Ellen Etchingham

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The named is the mother of ten thousand things.

As an American, I’m pretty comfortable with nationalism.  Growing up in the States means growing up with it everywhere.  One expects one’s countrymen to routinely say things to the effect that the US of A is the single greatest place that has every been or ever will be.  It’s so common that you take it for granted- yes yes, city on a hill, beacon of light to all humanity, superpower, save the world, etc etc. Not that every single American is aflame with patriotic fervor every day of the week. Lots of us are skeptical of the national claim to Best Thing Ever status. Lots of us deconstruct our country’s exceptionalist pretensions. But in the States, there’s a refrain of USA! USA! USA! that thrums beneath everyday life like bass beneath dance music. After a while, you don’t even really think about it, whether it’s right or wrong, good or bad. It’s just there. The earth spins on its axis, the sun rises in the east, and everyone goes WHOO HOO FUCK YEAH WHOOP WHISTLE YAY during the national anthem.

Canada doesn’t have that baseline level of nationalist noise. If U.S. discourse about itself can be summed up as “AMERICA: BEST COUNTRY ON EARTH!!!!!!!!”, Canada’s is more like “Canada: maybe it shouldn’t actually be a country, except it would be sort of a hassle to break things up, and we’re not in the mood to fight about it, so whatever.” I don’t know where this collective ambivalence comes from. Maybe it’s a dominion thing.

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Mortality Play

The pain is always there. It’s bad when he sits down and worse when he stands up and worst of all when he lies down. During the days, he oscillates back and forth between perching stiffly on the couch and awkwardly pacing the floor. During the nights, he passes sleepless hours stretching and contorting his body this way and that, looking for a comfortable position that doesn’t exist. None of the painkillers make any difference, not even the T3s they gave him for his shoulder, which are usually enough to chase any ache for a couple of hours. Nothing drives away this pain, though. It’s always there.

A hamstring pull, the doctor says, but he’s not sure. Like so many pains, it doesn’t conform exactly to the textbook definition, doesn’t seem to start exactly where it ought to, doesn’t respond exactly the way you’d think. He’s tried pills and he’s tried massages and he’s tried exercises and now he’s trying electro-acupuncture, long needles buzzing deep in the tissue, trying to tense or release something twisted far beneath the layers of skin and fat and muscle. It’s close to the bone, this pain, dug way down into the nerves. He hopes it’s nothing more than a pull.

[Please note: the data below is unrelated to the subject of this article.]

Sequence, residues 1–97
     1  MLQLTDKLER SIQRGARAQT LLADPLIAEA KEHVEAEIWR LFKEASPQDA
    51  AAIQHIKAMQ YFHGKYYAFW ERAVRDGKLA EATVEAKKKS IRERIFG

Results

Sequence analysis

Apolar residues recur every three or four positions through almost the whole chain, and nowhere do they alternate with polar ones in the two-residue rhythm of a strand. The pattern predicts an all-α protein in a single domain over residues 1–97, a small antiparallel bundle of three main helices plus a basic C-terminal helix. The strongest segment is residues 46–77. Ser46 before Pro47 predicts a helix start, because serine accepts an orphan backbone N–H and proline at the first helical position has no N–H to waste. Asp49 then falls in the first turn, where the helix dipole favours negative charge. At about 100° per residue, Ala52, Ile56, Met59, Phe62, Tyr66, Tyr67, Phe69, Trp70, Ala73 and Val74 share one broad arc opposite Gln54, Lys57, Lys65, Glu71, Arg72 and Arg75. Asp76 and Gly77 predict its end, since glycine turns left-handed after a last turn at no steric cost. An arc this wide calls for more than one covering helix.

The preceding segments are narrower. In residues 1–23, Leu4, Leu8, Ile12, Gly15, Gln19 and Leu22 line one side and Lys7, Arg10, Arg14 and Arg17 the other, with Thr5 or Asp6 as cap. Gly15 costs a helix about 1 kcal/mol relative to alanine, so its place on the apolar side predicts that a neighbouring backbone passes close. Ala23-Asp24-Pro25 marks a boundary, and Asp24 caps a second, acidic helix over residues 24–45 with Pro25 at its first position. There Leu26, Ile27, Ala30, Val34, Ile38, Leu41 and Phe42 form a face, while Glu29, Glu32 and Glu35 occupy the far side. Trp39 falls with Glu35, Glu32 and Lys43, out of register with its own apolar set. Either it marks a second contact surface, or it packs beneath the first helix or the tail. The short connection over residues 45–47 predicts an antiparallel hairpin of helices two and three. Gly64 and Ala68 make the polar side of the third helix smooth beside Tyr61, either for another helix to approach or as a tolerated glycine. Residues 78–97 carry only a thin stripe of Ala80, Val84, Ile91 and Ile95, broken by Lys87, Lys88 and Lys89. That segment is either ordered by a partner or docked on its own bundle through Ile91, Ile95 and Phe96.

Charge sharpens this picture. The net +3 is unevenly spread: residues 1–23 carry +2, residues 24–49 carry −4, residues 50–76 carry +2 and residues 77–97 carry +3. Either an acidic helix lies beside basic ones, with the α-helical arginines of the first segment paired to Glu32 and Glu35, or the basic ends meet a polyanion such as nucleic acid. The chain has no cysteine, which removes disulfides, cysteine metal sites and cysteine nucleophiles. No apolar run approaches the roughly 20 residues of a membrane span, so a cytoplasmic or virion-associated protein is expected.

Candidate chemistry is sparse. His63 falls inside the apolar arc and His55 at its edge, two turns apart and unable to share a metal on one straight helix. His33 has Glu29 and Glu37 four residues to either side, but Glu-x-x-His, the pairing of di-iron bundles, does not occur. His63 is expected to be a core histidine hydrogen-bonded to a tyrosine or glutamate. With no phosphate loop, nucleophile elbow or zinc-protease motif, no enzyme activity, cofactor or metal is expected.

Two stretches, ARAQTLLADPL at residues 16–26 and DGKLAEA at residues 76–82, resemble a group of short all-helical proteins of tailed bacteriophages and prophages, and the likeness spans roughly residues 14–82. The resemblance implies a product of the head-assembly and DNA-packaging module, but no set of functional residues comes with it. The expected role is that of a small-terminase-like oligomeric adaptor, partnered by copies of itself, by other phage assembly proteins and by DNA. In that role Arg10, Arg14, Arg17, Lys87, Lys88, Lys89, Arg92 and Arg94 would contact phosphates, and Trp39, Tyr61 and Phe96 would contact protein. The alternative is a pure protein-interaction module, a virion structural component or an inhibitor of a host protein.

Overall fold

Whatever the cause, the doctor is sure of one thing: no hockey. Absolutely no hockey. Not until it’s better. When will it be better? The doctor doesn’t know. One day at a time. One treatment at a time. No sooner than mid-January. Possibly later.

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Burn

If I told you the NHL lockout reminds me of maple forests, would you think I was insane? Because I think I might be.

Despite learning about it every year of my elementary school life, I don’t think much about ecology.  Or I didn’t, anyway, until the lockout. It’s one of those things that urbanites- even waste-recycling, local-eating, carbon-footprint-reducing environmentalist urbanites- tend to understand in dualistic, romantic terms: the pristine harmony of untouched wilderness vs. the corrupted, polluted haunts of man. A few years in the city and it’s easy to fall into the platitudes. Balance of nature, circle of life, etc etc. I forget the details of how ecosystems actually work.

In the fall, when the lockout was just beginning and the world was still green and there was still hope the hearts of hockey fans, I took a trip north, to spend some time among plants. The northern forests are the ‘nature’ of my childhood, the familiar wilderness. The Canadian version is a little rockier, a little lakier, but it has a homey kind of beauty. Spare, thin trees reaching to great irrational heights, spindly leafy ground plants, chipmunks and deer, everything a pale green light splotched with shadows. I’d never been to that forest before, yet it felt like I’d been there a thousand times, like I’d been going there every year since I was four years old. I am that much of a city girl, that it seems to me as though they are always the same trees.

They’re not. What looks to me like pure, beautiful, balanced nature, preserved in a pristine harmony by the zealous care of the Parks Service is no such thing. It’s full of havoc and death. What we think of as the balance of nature is no happy equilibrium. It’s a constant succession of traumas, of disease, murder, starvation, suffering. The state of nature is a perpetual imbalance. Although it always pulls back in the direction of the happy medium, that point of perfect harmony is seldom reached and never holds for long. Something is always overgrowing. Something is always dying out. Read the rest of this entry »

Here’s a question: what would a player have to do to get suspended from the NHL for life?

Todd Bertuzzi sucker punched Steve Moore in the back of the head, doing permanent spinal damage. He still plays in the NHL. Eddie Shore smashed Ace Bailey’s skull, ending his career, and he still played in the NHL. Wayne Maki did similar brain damage to Ted Green and got suspended a grand total of 30 days.  I have a photo from the cover of the Hockey News where Bernie Geoffrion swings his stick like a baseball bat at the torso of his shadow on the other team, and he’s in the pantheon of saints.  Hell, in 1976 three Philadelphia Flyers were convicted of assault for things they did on the ice, and not one of ‘em was kicked out of the League for it.